Senior Member
This has been a good discussion, and got me to thinking about larger displays for some Picaxe projects. Our local thrift shop always has old PC displays of various sizes for $15 to $30. These typically are older, and come equipped with VGA ports. I would love to find a VT100 to VGA converter so I could easily do text based displays on a larger screen.

So far I have not been successful. Anyone else have better luck buying or building their own?



Senior Member
Now you boys have me wondering if PE5's (I can't be the only one...?) serial terminal could be useful for some simple graphical displays,

Is there any way to make the serial terminal full screen? I'd settle for bigger.
One of the reasons I've "graduated" to PE6 (sometimes) is its superior Terminal Emulator (relatively speaking). The PE5 Emulator can't even send or receive Control Codes, can't be changed in size, nor allow a return to the PE window without being closed. :(

Conversely, the complete PE6 Emulator Window can be dragged in size or made full screen; on my laptop that's 144 characters wide, but still only 12 rows high. It can send Control Codes, but I believe only with the "Global" (ASCII / Raw) option, and the "Transmit Buffer" seems to hold at least 500 characters! However, it does appear to be basically just a (simple) "Teleprinter" Emulator, rather than (say) VT100, which limits its "Graphics" capability, even for "ASCII Art". Nor are there any User-Definable characters for/or "Block Graphics" or Line-drawing, etc..

So even a "2004" LCD/OLED might give a more flexible display, or an SSD1306 OLED driver (128 x 64) if you can tolerate its tiny size.

Cheers, Alan.


Senior Member
I would love to find a VT100 to VGA converter so I could easily do text based displays on a larger screen.
A google search came up with a couple of different projects that do this but the one that seems most commonly referred to is: Geoff's Projects - ASCII Video Terminal
The full full project includes support for a PS/2 keyboard and the option of using USB for the serial input but if you scroll down to the section "Single Chip Controller" he provides a very simple single-chip circuit that appears to do exactly what geezer88 is thinking of.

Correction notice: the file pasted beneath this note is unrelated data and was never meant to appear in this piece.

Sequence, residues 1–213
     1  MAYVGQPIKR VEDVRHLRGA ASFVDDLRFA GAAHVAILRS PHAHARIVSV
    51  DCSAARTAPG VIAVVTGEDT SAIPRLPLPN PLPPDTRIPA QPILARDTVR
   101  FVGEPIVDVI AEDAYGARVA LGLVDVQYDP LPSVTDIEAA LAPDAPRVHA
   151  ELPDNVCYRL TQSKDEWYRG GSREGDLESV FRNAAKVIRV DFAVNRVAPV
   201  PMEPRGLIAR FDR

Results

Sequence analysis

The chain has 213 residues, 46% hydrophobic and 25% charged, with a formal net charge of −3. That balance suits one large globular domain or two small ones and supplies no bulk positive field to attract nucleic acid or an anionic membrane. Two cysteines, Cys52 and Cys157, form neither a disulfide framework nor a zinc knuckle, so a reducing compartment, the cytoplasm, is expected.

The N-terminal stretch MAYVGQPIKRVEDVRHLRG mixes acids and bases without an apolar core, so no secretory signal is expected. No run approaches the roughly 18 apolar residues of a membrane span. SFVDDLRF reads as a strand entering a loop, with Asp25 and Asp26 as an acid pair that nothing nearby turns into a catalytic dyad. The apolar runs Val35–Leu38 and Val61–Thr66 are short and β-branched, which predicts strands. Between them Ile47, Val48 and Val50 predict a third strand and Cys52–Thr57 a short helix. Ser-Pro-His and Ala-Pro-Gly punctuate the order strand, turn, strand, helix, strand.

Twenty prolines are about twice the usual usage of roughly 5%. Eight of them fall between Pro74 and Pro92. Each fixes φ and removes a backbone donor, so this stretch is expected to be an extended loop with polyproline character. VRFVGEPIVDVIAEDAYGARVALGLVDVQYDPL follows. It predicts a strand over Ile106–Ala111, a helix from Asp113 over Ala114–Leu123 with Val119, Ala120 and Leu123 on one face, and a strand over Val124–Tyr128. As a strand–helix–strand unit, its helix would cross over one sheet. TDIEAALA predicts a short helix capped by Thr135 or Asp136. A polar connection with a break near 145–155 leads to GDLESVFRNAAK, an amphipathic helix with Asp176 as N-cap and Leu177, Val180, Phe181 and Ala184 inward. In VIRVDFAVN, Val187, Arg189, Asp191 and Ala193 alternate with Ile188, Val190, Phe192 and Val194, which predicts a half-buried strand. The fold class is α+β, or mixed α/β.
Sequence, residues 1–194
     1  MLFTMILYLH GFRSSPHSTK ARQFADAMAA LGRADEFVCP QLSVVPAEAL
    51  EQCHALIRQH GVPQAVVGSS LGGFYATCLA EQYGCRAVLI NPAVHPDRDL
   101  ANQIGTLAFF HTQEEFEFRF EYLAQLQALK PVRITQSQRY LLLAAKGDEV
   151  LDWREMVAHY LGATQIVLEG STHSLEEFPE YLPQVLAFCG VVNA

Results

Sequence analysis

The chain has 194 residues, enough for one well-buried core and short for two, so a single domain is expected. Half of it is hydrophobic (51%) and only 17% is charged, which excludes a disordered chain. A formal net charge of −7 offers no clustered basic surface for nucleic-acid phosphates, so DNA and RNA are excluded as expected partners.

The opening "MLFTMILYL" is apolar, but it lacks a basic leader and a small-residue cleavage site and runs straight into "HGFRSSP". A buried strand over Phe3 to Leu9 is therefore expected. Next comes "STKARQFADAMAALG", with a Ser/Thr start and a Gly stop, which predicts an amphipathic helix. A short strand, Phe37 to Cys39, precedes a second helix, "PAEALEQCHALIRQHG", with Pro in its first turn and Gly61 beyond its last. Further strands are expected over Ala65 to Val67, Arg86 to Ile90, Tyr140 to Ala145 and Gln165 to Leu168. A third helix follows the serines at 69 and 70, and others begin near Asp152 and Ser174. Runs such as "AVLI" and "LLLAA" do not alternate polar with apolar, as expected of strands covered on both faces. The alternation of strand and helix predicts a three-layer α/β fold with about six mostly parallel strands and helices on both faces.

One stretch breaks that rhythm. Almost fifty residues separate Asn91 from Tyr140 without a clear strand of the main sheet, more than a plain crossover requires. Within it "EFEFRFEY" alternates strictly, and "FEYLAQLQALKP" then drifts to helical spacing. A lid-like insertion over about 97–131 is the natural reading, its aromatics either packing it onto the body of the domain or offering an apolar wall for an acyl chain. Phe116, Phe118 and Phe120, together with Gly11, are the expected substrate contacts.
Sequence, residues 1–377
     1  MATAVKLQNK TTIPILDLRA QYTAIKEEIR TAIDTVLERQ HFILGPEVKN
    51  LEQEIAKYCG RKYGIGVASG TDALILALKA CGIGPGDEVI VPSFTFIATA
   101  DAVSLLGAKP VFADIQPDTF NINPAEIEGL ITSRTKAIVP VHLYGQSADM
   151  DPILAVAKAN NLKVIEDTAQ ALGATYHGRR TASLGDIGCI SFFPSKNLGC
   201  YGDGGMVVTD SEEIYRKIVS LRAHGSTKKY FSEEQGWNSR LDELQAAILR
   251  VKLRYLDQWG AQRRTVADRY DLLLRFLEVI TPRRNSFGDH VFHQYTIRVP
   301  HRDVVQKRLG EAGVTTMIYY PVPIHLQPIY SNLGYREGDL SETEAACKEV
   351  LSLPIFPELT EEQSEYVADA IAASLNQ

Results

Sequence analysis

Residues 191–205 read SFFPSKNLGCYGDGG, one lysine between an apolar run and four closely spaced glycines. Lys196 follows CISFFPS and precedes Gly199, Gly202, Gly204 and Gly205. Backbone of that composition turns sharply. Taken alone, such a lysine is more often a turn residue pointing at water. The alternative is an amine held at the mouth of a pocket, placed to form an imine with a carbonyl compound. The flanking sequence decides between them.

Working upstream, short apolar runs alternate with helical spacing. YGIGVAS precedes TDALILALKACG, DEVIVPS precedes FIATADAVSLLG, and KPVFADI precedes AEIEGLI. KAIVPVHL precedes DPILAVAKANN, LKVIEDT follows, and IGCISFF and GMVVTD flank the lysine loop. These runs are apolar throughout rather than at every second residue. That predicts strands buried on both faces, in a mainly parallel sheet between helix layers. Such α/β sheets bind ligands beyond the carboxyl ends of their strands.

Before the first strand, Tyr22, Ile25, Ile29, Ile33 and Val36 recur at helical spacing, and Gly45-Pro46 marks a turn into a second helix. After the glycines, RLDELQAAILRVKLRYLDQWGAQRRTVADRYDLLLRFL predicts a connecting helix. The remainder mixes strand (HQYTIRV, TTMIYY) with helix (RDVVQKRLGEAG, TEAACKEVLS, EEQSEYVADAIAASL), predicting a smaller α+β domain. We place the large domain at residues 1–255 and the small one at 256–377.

The PIC32 chip he uses is in a DIP package and so convenient to wire up on a protoboard and the software is available to download from his project page but the trap is that you will need a PIC32 programmer.

The whole kit is available on Tindie Geoff's VT100 Terminal Kit but expensive at US$52 + US$40 shipping.

You can get the programmed PIC32 from the Silicon Chip magazine where Geoff's project was published PIC32MX270F256B-I/SP programmed for the ASCII Video Terminal [2410714A.HEX] for AU$15. I don't know what the shipping cost is.

If you have a PIC32 programmer then the price from element13 in Australia for 1 of the PIC32MX270F256B-I/SP chip SiliconChip are selling is AU$6.31 and for the PIC32MX250F128B-I/SP used in the original project is AU$6.06 so, depending upon what you have to pay for postage, it could be a pretty cheap way to build the VT100 to VGA converter geezer88 is after.

UPDATE: I downloaded the software and the PIC32 chip has a bootloader so if you can connect it to a USB socket or cable then the zip file includes a Microchip provided windows app to program the chip over USB using the bootloader. DISCLAIMER: I have not tested this so try it at your own risk.

UPDATE #2: I got too excited. There is no reference of a bootloader in the PIC32MX250F128B datasheet and the bootloader appears to be something that was programmed by SiliconChip as a part of the kit.
- The PIC32 hex file downloaded from the SiliconChip web site ASCII Video Terminal firmware v1.3 (2410714B).zip is named Terminal_V1.3_plus_Bootloader.hex and the README.txt file has these instructions:
"This firmware is intended to be loaded onto the ASCII Video Terminal by a PIC32 programmer such as the PICKit 3
It includes Ver 1.0 of the firmware plus the bootloader which will enable future upgrades without a programmer."
- You won't be able to use the PIC32 hex file downloaded from the site Geoff's Projects - ASCII Video Terminal. It is named Terminal_V1.3_UPGRADE.hex and requires the bootloader to already be programmed into the PIC32 in order to do the upgrade.
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Senior Member
I've just found this on Youtube ...

It looks like it can emulate ANSI terminals, but in this demo he rather annoyingly skips over them !.

At a cost of about £10 it looks like a viable solution to low cost displays using old VGA monitors.




Senior Member
My first update to my post #16 was wrong. You will need to use a programmer if you want to use blank PIC32's to build one of these and I've updated my post with this info.